We often hear or read of reports about global capital markets, but just how do they impact the US Housing Market? As I was researching this topic, I read a report that shed some light.
In its annual report, The Great Wall of Money, Cushman & Wakefield provides an in-depth analysis of the state of the Global Real Estate Capital Markets and critical insight into the 2017 landscape of commercial real estate investing trends in America.
The Great Wall of Money report series tracks the amount of newly-raised capital, including debt and equity, targeting real estate at a global level and has been doing so since the onset of the financial crisis in 2009. The report monitors capital available predominantly from funds, listed companies, and institutions and explores the geographies and asset types it targets.
In 2017 the total global wall of money (debt and equity) targeting direct real estate fell for the first time since 2011 to $435bn, a 2% drop over 2016. However, current levels are the second highest on record, reflecting the extraordinary rise in capital targeting the sector (real estate) in this cycle.
Key Takeaways specific to the United States
Here are some excerpts from the report:
The wall of money targeting the US has been building steadily as institutional investors have bumped up their allocations to the highest levels in history, and offshore investors swarm to park money in high-quality US assets.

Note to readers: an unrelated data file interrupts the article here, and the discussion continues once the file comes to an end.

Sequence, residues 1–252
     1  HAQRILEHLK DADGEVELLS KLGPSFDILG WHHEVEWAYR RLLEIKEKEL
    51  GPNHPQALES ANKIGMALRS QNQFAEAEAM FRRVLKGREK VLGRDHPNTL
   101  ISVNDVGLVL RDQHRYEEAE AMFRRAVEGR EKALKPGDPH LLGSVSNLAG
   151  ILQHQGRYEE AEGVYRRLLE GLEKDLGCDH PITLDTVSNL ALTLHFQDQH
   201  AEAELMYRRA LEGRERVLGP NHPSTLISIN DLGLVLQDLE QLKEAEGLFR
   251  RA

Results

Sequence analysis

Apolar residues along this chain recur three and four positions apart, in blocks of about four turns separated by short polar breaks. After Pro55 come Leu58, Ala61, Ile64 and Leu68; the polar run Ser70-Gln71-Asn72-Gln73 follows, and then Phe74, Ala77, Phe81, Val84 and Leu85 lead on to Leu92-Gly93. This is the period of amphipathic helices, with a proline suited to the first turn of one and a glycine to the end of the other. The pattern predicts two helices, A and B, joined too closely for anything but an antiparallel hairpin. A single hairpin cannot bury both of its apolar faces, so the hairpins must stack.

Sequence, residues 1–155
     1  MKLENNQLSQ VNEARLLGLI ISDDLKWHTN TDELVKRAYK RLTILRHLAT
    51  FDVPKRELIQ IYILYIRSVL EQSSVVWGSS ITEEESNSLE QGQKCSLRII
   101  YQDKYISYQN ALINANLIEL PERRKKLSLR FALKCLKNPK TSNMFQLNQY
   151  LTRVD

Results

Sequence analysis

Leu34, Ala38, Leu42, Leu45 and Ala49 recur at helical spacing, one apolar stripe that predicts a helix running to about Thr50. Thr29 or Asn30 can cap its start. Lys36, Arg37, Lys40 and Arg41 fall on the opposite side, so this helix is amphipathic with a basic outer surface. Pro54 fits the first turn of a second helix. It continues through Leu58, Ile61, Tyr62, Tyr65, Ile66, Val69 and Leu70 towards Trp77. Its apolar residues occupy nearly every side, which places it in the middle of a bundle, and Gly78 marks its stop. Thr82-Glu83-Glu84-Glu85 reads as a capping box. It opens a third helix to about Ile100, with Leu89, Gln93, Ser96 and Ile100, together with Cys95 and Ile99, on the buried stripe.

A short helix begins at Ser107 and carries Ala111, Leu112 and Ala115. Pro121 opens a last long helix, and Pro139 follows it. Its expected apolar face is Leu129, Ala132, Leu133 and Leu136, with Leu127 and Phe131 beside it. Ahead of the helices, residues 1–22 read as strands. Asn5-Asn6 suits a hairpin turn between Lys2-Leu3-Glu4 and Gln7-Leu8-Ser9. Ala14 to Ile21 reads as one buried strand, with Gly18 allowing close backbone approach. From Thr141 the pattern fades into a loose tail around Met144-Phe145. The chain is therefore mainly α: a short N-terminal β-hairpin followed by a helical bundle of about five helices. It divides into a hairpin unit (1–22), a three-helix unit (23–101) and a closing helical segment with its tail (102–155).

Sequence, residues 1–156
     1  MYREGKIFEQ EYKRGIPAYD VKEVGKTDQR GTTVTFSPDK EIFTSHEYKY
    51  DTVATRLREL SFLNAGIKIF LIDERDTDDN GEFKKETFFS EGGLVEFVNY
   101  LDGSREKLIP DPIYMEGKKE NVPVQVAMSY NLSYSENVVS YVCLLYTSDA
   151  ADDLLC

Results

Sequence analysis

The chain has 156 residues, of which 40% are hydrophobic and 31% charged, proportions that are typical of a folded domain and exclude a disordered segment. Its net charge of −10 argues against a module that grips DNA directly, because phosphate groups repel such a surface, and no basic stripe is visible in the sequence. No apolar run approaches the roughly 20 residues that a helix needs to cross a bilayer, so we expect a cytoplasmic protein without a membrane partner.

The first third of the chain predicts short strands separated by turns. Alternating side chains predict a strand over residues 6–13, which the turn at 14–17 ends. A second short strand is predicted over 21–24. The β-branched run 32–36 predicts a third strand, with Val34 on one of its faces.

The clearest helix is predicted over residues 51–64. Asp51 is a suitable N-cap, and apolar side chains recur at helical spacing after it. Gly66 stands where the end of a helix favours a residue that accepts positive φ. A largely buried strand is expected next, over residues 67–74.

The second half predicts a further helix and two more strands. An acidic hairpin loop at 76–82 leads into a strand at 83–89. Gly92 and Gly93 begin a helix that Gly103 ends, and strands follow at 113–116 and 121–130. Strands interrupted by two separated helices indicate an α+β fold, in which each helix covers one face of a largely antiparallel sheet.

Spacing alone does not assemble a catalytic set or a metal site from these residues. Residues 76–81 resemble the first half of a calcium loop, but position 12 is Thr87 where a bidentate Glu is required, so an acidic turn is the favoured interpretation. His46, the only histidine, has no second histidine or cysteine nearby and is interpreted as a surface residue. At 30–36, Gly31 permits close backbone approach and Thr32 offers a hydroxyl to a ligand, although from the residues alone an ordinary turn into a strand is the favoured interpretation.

Demand tends to outstrip supply in many key markets, pushing down cap rates (yields) and challenging investors.
Unable to find enough existing core assets, investors are targeting development or redevelopment projects that create core assets in top markets.
For the first time, more equity is targeting the US ($79bn) than Europe, the Middle East and Africa (EMEA) ($72b) and Asia-Pacific (APAC) ($65bn). One of the most striking trends in global real estate is the growth in capital targeting Asia Pacific. Also for the first time, we see more capital targeting Asia-Pacific (APAC) than EMEA reflecting the maturity and growth of opportunities across the region as well as attractive long-term return prospects.
Opportunistic strategies continue to dominate Asia Pacific and EMEA, while Value add remains the preferred strategy in the Americas.
The US is likely to remain the most targeted investment market in 2017. Although investment activity has slowed during 2016, the great wall of money targeting the region remains high with many investors still under-allocated to the sector vis-à-vis investment intentions.
US Housing Market
Residential is preferred target property type. Of funds targeting a single property type, residential remains the clear preference. US funds targeting the domestic, multi-family sector continue to be sought after despite a long run of exceptional returns post GFC.
Moderate loan-to-value (LTV) ratios trending marginally lower. The average LTV globally is 50%.
It is my opinion that main street investors holding or buying or flipping residential real estate will benefit from the continued supply vs demand rise in real estate values perpetuated by a flight to quality (yield and safety) of US assets, and propagated by no significant new construction in housing units, whether SFR or Multi-family being added to the housing stock, coupled with tight underwriting as evidenced by a low MCAI, and a slow to recover jobs market.